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IBM Space Science News

Watch the 1st American Newsreel of Sputnik Launch 133

MMBK writes with this snippet from "Fifty three years ago this week, the Russians won the space race – or one of its laps – by successfully launching the Sputnik satellite into orbit. This newsreel, the first to report on the launch, recycles older animation about geosynchronic orbits, since all film footage was kept secret (note the very un-Soviet IBM logo on one of the massive computers)."
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Watch the 1st American Newsreel of Sputnik Launch

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  • Its a good thing (Score:5, Interesting)

    by Pharmboy ( 216950 ) on Friday October 08, 2010 @10:39PM (#33843000) Journal

    Actually, I have always thought that the Soviets getting a satellite into space first was a good thing, as an American of 45 years. It put the fear of ungod into the American military complex to get into space, which ended up netting more good science than simply building bigger and bigger bombs. It also created a huge demand for science, and boosted the desire of teenagers to enter the science field. Nothing like fear to motivate a country into investing into science.

    Being raised during the cold war in a lifer military family might color my perspective, but a lot of good things came out of the cold war. One of them is the internet, which might have taken much longer to develop if not for the fear of Soviet ICBMs, reinforced by that humble little beeping satellite named Sputnik.

  • by Jeeeb ( 1141117 ) on Friday October 08, 2010 @11:04PM (#33843128)
    After watching the video I don't think the IBM computer shown is meant to be in a Soviet facility. They talk about how the sound being played at the time is an actual signal from the Sputnik, which makes me think that it's meant to be an American signals interception facility. Maybe even with the IBM logo added to make that clear

    Either that or they weren't immune to product placement in the 50's ;) Either way an awesome video.
  • Re:Its a good thing (Score:2, Interesting)

    by Anonymous Coward on Friday October 08, 2010 @11:57PM (#33843292)
    I have no way of knowing that the story I'm about to tell is true, so please take it with a grain of salt.

    Supposedly, Eisenhower's goal was to have the Soviets make the first space flight to establish an international norm that overflying countries while in orbit was not a violation of territorial airspace. Once the Soviets had orbited a satellite over the US, they could hardly object to the US orbiting a satellite over them.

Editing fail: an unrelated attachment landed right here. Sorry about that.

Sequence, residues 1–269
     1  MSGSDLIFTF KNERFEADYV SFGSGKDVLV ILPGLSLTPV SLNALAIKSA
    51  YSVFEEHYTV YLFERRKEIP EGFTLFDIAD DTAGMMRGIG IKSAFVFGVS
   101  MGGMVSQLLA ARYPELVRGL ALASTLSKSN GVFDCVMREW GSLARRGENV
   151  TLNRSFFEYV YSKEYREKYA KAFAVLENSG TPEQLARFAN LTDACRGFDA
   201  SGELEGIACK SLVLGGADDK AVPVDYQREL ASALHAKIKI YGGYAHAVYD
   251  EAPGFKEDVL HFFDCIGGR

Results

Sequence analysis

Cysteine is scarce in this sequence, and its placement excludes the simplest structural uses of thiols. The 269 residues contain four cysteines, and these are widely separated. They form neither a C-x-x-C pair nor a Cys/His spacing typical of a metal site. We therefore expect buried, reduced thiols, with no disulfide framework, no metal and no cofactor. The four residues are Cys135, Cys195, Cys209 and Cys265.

• Re:Respect (Score:3, Interesting)

    by sznupi ( 719324 ) on Saturday October 09, 2010 @01:13AM (#33843536) Homepage

    The "space race" was some of the best work humankind has ever done, for all the worst reasons.

    That's true on a much more fundamental level than you put.

    In the case of Russians, for example:
    Which rocket put Sputnik into orbit? One from R-7 lineage.
    Which rocket put Yuri Gagarin into orbit? One from R-7 lineage.
    Which rockets put Soyuz and Progress spacecraft, and many other payloads into orbit? ...yeah, from R-7 lineage.

    What was the first operational ICBM? R-7 Semyorka. ...not even very good as an ICBM, not very practical. But turned out to be a fabulous launcher; it is "the most reliable ... the most frequently used launch vehicle in the world" [] (and that's coming from, basically, its competitor)

  • Re:Respect (Score:2, Interesting)

    by Kilobug ( 213978 ) < minus threevowels> on Saturday October 09, 2010 @04:12AM (#33843972)

    USSR economy "failing so badly" is propaganda. USSR was far from perfect and had many problems, mostly political ones, but also some economical ones, but you can't said it "failed". Just look at [] . GDP of USSR in 1990, just before the fall, was more than 3x the GDP of USSR in 1970, +200% in 20 years is a feat few countries can achieve. And it took very long for the capitalist Russian Federation to reach the level of the USSR.

    USSR collapse was much more due to political reason and the "usual" collapse of a repressive regime than to economical reasons.

Doubt isn't the opposite of faith; it is an element of faith. - Paul Tillich, German theologian and historian